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The “New” Dad Looks A Lot Like...A Woman

By HERWriter Guide
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Ask any woman about her greatest challenges and somewhere on that list is finding balance. Whether a woman works, or chooses to be a stay-at-home mom, she’s going to be juggling a long list of demands for her time, energy, skills and attention. Study after study has found that these multiple demands are often the hardest on working moms, who have been found to consistently rank below men and women without children in terms of levels of happiness and satisfaction. A key reason often cited for this disparity is the lower level of male participation in the work of running and maintaining a household.

This could be changing, according to a new study from Boston College’s Center for Work and Family. Researchers there say the “new” dad has a more equal role with the “new” mom, and is just as stressed by the challenges of multiple roles. The report found that while traditional dads equated being a good father with the role of being “the breadwinner,” dads today are more focused on “being there, being present, spending time and being accessible.”

The report, titled "The New Dad: Exploring Fatherhood Within a Career Context," is a qualitative study of middle-income, first-time fathers that focuses on the area of men, careers, and fatherhood. The rising numbers of women in the workforce and employer downsizings have shifted men’s attitudes about parenting and workplace commitment, say the researchers.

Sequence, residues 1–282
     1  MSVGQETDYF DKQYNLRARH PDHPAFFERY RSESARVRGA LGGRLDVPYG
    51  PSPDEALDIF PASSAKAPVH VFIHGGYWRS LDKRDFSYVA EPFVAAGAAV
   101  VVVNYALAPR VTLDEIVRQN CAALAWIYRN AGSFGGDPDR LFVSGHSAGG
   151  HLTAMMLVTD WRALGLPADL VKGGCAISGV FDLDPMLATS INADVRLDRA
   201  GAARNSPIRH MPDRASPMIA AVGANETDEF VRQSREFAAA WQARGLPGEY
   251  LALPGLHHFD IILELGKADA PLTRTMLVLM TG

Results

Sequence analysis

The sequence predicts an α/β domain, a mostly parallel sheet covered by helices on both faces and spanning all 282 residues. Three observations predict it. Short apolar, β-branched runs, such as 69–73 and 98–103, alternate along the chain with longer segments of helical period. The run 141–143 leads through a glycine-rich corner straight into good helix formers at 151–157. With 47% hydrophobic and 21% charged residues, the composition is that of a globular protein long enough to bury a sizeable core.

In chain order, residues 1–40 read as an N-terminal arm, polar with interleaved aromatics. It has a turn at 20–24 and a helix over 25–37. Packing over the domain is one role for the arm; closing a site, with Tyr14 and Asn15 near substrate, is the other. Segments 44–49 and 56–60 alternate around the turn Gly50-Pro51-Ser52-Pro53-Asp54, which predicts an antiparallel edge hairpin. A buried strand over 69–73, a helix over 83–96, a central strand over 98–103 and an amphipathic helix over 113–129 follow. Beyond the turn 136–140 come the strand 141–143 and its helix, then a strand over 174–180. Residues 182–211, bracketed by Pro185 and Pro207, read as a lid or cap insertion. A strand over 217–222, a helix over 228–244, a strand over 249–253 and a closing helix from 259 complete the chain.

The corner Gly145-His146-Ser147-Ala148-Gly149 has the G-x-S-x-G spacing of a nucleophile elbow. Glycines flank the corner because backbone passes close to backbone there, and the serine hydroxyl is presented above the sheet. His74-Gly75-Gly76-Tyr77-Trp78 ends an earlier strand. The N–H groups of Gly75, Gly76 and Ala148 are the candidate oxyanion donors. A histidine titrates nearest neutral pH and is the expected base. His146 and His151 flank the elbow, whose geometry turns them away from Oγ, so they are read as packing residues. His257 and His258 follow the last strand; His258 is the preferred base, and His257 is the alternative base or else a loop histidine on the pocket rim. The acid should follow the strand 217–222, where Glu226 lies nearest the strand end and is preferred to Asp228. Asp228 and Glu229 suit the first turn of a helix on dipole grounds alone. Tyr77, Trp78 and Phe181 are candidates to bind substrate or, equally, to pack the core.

Significant findings from the study include:

• Most fathers in the study confirmed that their self-image at work increased in a positive way after having children, with many fathers reporting that their new role as parents had enhanced their reputation, credibility and even career options.

• Although new fathers felt supported by their bosses regarding work-life flexibility, most did not arrange formal flexible work arrangements as new mothers sometimes do. Instead, these fathers used more informal, sometimes “stealth” approaches to balancing work and family issues.

• In many cases the men were not prepared for how much work it can be to take care of a young child.

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EmpowHER Guest

I was VERY nervous when I learned we were expecting. After 2.5 years I cannot believe how much my daughter has changed me. I suppose everyone is different but these days I am very much involved in her life. But initially, I was too shocked to do much. Articles like this help new dad a lot:

June 22, 2010 - 9:20am
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We value and respect our HERWriters' experiences, but everyone is different. Many of our writers are speaking from personal experience, and what's worked for them may not work for you. Their articles are not a substitute for medical advice, although we hope you can gain knowledge from their insight.



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